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Almost as soon as we set foot to turf…

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Which made the prospect of a climb up to the Cheesewring, and Stowe’s Pound, a decidely unlikely event…

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We walked as far as we could before caution proved the better part of valour…

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And then, the sun came out…

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Somebody, somewhere, muttered something about stones and humour.

Playing Place…

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Well, it didn’t take us long to get there did it?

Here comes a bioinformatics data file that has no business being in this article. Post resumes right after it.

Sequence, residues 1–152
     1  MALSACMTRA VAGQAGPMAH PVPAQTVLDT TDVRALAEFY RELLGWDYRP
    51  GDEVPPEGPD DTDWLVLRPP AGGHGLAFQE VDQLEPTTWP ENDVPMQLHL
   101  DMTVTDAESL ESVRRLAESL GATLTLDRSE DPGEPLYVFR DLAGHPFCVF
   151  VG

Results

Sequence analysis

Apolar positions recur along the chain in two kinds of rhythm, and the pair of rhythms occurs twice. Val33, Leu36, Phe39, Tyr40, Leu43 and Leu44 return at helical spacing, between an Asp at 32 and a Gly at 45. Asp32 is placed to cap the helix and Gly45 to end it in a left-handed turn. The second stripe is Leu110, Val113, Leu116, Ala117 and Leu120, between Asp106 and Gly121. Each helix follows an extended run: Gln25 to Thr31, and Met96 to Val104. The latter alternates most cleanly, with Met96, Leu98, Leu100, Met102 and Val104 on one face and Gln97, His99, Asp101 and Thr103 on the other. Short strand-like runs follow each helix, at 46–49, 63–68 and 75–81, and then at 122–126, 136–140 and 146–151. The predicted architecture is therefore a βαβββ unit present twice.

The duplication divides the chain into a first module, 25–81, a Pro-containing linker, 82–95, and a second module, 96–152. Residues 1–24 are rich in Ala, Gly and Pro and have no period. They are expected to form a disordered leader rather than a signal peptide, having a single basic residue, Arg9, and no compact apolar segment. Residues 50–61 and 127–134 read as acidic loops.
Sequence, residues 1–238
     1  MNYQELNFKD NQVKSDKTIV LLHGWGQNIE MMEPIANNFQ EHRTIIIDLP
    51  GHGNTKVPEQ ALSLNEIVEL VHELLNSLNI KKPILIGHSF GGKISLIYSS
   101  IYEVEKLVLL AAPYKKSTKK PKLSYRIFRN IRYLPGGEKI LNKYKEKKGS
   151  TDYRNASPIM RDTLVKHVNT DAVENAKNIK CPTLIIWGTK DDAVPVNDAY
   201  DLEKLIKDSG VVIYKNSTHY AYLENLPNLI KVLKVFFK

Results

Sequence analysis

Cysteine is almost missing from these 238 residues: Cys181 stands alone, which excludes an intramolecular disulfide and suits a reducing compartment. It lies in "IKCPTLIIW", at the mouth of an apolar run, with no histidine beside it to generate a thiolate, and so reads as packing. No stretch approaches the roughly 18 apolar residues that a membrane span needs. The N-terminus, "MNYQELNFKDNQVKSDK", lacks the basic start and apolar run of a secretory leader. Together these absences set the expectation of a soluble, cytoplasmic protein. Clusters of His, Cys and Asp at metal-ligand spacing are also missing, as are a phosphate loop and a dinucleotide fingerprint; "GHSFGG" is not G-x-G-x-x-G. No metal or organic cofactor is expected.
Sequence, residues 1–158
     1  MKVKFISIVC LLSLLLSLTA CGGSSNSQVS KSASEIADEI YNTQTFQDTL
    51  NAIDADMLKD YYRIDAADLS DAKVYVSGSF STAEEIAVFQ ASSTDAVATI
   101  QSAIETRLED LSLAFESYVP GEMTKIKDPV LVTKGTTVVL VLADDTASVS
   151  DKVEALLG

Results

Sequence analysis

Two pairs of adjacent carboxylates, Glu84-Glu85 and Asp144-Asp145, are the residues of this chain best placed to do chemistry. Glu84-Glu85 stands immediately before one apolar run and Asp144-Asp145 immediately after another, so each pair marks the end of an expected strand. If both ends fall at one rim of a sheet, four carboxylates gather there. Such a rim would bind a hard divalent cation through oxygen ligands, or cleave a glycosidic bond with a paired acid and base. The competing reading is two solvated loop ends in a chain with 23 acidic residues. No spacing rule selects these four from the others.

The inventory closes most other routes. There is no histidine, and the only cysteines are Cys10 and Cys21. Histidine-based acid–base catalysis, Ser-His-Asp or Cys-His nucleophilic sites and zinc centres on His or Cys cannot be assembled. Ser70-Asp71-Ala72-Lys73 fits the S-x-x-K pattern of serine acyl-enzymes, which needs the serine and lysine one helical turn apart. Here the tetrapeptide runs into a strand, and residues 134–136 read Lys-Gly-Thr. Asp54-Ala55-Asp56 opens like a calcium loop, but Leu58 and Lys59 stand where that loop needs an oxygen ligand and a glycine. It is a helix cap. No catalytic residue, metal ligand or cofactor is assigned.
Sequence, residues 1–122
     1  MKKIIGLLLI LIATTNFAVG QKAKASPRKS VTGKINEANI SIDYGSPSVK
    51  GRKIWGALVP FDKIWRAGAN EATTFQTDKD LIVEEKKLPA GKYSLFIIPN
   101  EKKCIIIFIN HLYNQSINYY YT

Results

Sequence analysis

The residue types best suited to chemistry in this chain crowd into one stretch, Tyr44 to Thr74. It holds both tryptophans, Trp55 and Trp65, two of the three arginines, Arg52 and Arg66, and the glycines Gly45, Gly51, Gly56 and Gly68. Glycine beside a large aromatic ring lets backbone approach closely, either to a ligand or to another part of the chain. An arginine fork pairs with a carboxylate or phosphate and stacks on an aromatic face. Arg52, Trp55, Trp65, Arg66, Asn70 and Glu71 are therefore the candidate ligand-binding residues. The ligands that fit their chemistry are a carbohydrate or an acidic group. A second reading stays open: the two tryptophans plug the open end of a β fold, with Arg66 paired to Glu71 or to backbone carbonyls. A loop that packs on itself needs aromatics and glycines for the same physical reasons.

But let’s ponder a moment

what this structure could mean…

We could call the two flanking uprights,

Summer and Winter,

or Night and Day,

or Them and Us,

and it would not really matter which was which.

If we did that though, what would we call the holed stone?

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The Rock of Brentor…

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‘…A church, full bleak, and weather beaten, all alone, as it were forsaken…’

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“St Michael de Rupe?”

“St Michael the Rock.”

“I thought St Peter was supposed to be the ‘Rock’?”

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“The rock referred to here, is volcanic.”

“Nice.”

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“Though you would never know it now…”

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“…The church-tower can still serve as a beacon.”

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“Curioser and curioser…”

“Wait till we get inside, Alice.”